This fall, nineteen undergraduates in the Art History Museum Object class under the direction of Associate Professor Kristin Dowell are developing the exhibition Interwoven: An Exploration of Native American Basketry, to open Thursday, November 8 at 5 pm in the WJB Gallery. The exhibit explores the art, history and culture of Native American basket weaving, featuring works from the Mary Douglas Lewis North American basket collection housed at the Florida State University Museum of Fine Arts.
You can help support the exhibition by making a donation through SparkFSU, a university platform that allows students to initiate and design innovative and entrepreneurial projects with financial support garnered from alumni and friends. Donations to the campaign will help these students gain maximum benefit from the experience of marketing, budgeting, planning, and fundraising, all valuable skills for future professional success.
Taught by Dr. Kristin L. Dowell, Associate Professor of Contemporary Native American Art and Indigenous Film, the Museum Object course is the culmination of the Museum Studies minor offered by the Department of Art History for undergraduates at FSU. This course examines the history, philosophy, practice, and implications of acquiring, researching, and displaying objects in art museums and gallery spaces in the modern era. The course provides students with hands-on experience in every aspect of designing and mounting a show in a gallery setting.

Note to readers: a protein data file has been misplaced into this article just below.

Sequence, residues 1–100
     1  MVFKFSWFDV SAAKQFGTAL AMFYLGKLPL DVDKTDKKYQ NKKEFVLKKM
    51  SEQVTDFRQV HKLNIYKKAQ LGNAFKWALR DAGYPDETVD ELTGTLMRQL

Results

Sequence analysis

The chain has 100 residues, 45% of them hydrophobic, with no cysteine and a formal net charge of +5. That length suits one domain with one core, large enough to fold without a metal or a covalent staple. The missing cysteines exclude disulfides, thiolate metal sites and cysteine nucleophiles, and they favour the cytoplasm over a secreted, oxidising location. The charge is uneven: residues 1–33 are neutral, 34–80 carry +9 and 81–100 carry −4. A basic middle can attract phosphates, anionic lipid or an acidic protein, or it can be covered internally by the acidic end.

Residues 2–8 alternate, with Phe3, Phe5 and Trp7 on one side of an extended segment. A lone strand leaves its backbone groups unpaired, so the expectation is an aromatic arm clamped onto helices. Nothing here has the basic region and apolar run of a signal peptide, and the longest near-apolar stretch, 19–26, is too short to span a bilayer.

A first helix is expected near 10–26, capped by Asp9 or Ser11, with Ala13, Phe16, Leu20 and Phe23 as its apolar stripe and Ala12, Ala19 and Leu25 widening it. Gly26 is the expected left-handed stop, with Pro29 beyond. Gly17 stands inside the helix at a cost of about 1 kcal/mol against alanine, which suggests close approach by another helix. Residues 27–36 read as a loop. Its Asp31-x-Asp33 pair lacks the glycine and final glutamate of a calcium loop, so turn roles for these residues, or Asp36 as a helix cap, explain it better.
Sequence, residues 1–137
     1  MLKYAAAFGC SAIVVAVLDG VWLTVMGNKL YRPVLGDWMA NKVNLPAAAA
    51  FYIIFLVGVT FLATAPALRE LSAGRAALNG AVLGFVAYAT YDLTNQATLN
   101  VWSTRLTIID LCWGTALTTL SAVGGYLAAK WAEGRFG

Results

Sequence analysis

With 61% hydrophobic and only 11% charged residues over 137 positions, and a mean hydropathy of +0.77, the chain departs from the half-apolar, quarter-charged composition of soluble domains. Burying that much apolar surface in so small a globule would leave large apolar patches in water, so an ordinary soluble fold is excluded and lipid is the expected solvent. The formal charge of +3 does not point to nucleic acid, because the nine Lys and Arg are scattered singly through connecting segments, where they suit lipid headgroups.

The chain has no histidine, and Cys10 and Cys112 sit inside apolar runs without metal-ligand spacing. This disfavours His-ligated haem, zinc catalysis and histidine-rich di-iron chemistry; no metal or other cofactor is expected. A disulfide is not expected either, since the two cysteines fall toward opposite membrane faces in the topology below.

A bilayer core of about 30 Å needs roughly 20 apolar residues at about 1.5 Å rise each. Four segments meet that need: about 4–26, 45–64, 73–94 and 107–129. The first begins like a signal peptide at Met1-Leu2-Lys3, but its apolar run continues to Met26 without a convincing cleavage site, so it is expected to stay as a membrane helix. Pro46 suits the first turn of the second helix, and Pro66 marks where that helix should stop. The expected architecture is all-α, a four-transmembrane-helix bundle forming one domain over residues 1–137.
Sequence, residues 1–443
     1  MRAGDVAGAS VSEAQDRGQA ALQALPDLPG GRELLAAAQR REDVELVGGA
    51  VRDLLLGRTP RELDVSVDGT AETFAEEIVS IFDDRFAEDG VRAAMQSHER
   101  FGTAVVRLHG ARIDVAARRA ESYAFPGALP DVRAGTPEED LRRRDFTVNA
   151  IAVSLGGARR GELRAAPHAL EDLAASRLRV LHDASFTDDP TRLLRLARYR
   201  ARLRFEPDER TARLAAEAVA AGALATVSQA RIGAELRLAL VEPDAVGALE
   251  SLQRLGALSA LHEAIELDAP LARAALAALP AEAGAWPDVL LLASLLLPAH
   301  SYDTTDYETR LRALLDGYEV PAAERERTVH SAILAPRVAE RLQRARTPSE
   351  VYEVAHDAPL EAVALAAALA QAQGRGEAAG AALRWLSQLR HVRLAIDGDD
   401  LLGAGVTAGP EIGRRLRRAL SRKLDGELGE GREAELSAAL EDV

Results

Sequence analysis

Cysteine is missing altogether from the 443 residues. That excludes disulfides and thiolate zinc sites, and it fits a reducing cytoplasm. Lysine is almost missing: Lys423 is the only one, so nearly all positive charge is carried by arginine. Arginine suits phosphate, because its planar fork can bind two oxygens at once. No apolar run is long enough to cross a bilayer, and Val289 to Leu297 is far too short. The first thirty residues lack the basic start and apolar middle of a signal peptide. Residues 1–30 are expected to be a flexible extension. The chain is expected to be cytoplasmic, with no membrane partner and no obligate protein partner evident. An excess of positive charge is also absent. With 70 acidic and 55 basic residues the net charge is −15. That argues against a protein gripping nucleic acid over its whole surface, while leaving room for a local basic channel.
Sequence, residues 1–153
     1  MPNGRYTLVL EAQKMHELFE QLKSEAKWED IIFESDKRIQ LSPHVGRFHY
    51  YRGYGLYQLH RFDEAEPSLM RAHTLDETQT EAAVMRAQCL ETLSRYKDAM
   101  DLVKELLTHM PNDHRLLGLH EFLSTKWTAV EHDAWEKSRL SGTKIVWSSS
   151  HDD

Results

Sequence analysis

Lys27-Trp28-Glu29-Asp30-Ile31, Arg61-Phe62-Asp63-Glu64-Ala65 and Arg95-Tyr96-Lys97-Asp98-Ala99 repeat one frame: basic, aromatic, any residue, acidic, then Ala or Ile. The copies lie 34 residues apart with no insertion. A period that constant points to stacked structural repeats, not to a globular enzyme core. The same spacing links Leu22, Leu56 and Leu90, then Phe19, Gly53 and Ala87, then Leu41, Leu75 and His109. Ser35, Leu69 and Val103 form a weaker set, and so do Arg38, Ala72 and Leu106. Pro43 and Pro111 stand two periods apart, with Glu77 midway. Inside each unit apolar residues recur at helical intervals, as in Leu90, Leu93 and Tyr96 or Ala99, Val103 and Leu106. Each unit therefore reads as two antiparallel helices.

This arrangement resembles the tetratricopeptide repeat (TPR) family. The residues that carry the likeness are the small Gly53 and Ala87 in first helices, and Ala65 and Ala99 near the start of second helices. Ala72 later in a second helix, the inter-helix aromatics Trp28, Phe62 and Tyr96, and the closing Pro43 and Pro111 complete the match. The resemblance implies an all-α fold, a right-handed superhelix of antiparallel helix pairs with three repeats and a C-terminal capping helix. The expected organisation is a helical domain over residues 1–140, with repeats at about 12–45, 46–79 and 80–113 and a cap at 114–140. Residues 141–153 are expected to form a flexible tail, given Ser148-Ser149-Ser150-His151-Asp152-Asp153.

Woven baskets have been central to Native American identity as a highly skilled artistic practice and as intricately constructed utilitarian objects. Across North America, basket weaving techniques have undergone changes that mirrored the upheaval within the weavers’ lives, through contact with European settlers to the loss of traditional territory and removal to reservations. Our class has curated a selection of baskets from FSU’s Museum of Fine Arts which were collected by Tallahassee native Mary Douglas Lewis between 1910 and 1950. These baskets are an embodiment of historical, social, and artistic changes as baskets shifted from cultural objects to tourist souvenirs to forms of contemporary art. In the midst of this dynamic change Native American women relied on basket weaving as a means of continuity and survival to maintain cultural ways of life, economic livelihoods, Indigenous identities, and individual artistic expression.
Museums employ more than 400,000 people in the United States. Your gift gives these students an experience which can prepare them for a rewarding career in this industry, as well as marketing, budgeting, planning, and fundraising skills applicable to any future position.
The campaign is open through November 27. Individuals who make a donation prior to October 22 will have their names included in the acknowledgements panel in the exhibition.
Your gift will allow our students to:
· Present informational labels and placards
· Create installation settings to display the baskets
· Produce an exhibition catalogue
· Promote exhibition to the FSU and Tallahassee communities
· Host a documentary film screening in connection with exhibition opening